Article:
And throughout my trip in the heights of the airplane I was thinking of you – for in a few weeks you too will be flying…and not into the unknown.

The entire world is opening up for you in the real sense of the word. I have been in my room for only a few minutes and already am grabbing a pen, so that at least this way you can feel how warmly I hug you and bless your future journey.

Perhaps it is The Almighty’s way of rewarding you for having been such a good son to us, that so far you have followed the course of life that made us proud and that he wants to reward us for all the parental love and worries which we have always and at every step shown toward you, just as to our other child, Olicka!

Vladinko dearest! Cherish this gift – it being merely one link in the chain of your life, which was wrought by a lot of hard work.

And I beg you – while you are still at home, donate as much time as possible to your dearest Mother (who donated the biggest part of her life to you). She first of all deserves it in full measure.

Hopefully God will help to make it possible for her to visit you in your new lovely position – even with Olicka!

I pray that The Almighty bless your journey and keep you in good health and strength – for the honor and glory of your nation – and for our parental happiness.

With kisses for you from your Tatusko

Pavel letter to Vlado 1946 1
Pavel letter to Vlado 1946 2
Pavel letter to Vlado 1946 3
Pavel letter to Vlado 1946 4
Pavel letter to Vlado 1946 5

And here are three more documents pertaining to Vlado’s appointment with the United Nations: A confirmation letter from the Ministry of Foreign Affairs in Prague; an application for a non-immigrant visa from the American Embassy in Prague; and last, the letter of appointment from the United Nations, signed by Trygve Lie.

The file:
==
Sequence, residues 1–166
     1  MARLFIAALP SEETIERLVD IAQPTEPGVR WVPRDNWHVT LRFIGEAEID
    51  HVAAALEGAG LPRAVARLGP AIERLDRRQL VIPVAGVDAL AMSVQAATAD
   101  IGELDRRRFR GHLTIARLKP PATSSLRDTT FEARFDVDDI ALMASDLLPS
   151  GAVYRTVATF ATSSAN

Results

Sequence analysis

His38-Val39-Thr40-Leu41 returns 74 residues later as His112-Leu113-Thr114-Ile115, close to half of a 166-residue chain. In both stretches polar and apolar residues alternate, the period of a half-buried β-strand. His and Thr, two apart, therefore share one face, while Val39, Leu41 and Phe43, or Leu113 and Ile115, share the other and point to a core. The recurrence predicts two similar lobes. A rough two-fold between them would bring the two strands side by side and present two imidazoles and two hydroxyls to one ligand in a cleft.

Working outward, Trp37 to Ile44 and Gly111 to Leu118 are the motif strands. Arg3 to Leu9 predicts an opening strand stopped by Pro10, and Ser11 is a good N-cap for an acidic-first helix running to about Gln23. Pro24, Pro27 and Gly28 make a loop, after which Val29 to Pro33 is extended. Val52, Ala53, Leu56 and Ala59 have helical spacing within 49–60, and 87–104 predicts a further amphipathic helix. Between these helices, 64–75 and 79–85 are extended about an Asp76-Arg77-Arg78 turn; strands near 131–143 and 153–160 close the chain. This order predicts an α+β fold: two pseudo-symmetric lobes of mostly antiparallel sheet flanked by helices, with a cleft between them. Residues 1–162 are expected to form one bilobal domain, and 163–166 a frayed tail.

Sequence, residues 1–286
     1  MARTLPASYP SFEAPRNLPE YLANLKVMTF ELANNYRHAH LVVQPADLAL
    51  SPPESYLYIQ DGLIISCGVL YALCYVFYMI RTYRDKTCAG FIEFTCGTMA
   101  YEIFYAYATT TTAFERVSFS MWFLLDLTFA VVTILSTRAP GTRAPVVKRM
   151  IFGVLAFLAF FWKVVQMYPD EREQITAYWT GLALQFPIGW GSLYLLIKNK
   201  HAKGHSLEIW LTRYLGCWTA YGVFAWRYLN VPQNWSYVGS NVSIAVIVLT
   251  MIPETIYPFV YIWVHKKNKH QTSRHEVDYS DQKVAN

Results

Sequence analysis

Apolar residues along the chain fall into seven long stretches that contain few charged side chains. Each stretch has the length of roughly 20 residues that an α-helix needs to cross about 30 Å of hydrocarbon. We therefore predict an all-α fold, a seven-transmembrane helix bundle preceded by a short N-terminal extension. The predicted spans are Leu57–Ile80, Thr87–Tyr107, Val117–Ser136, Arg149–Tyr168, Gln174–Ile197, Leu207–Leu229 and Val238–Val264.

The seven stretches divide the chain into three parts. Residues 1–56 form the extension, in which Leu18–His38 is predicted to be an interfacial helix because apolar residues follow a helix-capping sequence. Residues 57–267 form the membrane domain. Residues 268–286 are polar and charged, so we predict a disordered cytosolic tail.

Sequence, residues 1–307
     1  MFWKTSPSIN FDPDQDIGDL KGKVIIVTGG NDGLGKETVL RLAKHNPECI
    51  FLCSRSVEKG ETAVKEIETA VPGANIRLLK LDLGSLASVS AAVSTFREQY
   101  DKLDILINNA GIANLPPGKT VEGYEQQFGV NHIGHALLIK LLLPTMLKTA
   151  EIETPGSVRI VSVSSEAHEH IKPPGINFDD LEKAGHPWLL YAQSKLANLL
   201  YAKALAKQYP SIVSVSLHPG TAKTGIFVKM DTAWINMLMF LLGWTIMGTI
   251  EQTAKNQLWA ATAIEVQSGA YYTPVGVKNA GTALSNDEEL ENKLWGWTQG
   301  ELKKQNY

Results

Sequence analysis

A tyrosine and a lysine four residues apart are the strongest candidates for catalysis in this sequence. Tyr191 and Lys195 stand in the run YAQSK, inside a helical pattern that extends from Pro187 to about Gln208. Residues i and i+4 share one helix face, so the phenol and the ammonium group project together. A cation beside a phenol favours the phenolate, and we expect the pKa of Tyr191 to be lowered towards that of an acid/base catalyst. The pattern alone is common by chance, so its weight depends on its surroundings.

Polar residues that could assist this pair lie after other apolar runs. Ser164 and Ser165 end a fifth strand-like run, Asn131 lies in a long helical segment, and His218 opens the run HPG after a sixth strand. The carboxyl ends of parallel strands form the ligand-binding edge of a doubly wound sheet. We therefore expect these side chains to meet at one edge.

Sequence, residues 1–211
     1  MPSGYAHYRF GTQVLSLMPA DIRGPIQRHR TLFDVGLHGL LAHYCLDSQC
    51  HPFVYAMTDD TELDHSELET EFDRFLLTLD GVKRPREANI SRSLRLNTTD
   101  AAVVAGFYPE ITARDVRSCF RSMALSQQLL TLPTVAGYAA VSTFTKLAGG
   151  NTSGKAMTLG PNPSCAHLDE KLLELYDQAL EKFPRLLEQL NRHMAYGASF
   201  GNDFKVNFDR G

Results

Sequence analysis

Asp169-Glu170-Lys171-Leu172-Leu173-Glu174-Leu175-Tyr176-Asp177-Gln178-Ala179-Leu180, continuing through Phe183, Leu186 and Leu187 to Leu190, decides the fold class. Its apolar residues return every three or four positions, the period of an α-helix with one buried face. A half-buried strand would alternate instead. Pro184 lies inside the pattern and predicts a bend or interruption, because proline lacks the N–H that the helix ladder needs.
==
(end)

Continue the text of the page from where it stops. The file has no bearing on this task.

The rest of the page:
Ministry of Foreign Affairs UN confirmation 1946

American Foreign Service visa application 1946

Vlado UN letter of appointment

Police of America: Stop Killing Black People!

“I don’t have a gun, stop shooting!”

Those were the last words spoken by an unarmed Michael Brown, before he was shot and killed by a Ferguson, Missouri police officer; according to the testimony given by Dorian Johnson, who was with his friend, and saw him murdered in the street. What makes me believe every word he says, what is so very telling, is that the police refuse to listen to his testimony. Does anyone notice how the testimony of African-Americans are automatically treated with suspicion, especially in cases of police brutality? I have no illusions about the racism in America, the poison of slavery this country was built upon is still present.

This is what I want to see done: Cameras on every police officer, always on – dash cams are not enough. They have made it a crime to record the behavior of our police, but they do this because they know they are in the wrong. They can’t control us through fear if they know they will be held accountable for their behavior – if their deeds will be seen by all – and that is why we must demand for all police to wear cameras. Then there will be no question of who is right and who is wrong, and we can have the peace that comes with REAL security.

UPDATE: I found this link to change.org with a petition to NYC Mayor Bill de Blasio to “Make the NYPD Adopt On-Body Cameras”, in response to the choking death of Eric Garner; which I encourage everyone to sign. Here are excerpts from the petition, written by Neill Franklin of White Hall, Maryland: